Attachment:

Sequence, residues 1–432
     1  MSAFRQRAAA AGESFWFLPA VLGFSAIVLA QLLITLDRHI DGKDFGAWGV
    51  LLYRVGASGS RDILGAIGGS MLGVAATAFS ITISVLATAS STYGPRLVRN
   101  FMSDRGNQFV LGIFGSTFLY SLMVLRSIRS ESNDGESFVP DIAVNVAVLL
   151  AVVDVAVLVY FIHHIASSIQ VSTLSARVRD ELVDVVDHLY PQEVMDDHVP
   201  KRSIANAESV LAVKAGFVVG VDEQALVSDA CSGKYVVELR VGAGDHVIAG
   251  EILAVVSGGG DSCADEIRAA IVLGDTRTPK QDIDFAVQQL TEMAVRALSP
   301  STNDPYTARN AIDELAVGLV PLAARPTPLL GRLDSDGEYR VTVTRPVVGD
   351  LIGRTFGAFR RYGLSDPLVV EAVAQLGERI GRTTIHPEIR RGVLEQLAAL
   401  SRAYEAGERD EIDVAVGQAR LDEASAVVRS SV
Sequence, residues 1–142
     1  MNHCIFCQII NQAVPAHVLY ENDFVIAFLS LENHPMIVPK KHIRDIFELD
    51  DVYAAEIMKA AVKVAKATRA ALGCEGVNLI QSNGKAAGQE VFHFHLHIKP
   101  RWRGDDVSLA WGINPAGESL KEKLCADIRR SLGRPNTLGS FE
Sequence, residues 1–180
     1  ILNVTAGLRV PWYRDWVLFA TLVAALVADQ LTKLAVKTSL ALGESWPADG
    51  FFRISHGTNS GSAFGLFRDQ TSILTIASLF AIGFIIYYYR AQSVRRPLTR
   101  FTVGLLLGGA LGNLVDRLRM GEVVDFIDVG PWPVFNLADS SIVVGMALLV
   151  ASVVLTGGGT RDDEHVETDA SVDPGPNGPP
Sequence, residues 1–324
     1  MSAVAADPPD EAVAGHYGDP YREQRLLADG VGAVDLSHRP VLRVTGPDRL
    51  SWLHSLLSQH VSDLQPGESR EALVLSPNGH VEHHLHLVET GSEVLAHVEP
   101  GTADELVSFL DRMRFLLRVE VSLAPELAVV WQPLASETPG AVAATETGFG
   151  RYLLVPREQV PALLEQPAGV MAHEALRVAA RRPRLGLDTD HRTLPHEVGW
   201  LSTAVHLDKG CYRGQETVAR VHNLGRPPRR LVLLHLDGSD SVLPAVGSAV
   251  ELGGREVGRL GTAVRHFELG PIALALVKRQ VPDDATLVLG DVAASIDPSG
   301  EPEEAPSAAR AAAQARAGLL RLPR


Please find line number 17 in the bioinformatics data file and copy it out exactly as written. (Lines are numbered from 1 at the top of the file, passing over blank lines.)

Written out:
    51  FFRISHGTNS GSAFGLFRDQ TSILTIASLF AIGFIIYYYR AQSVRRPLTR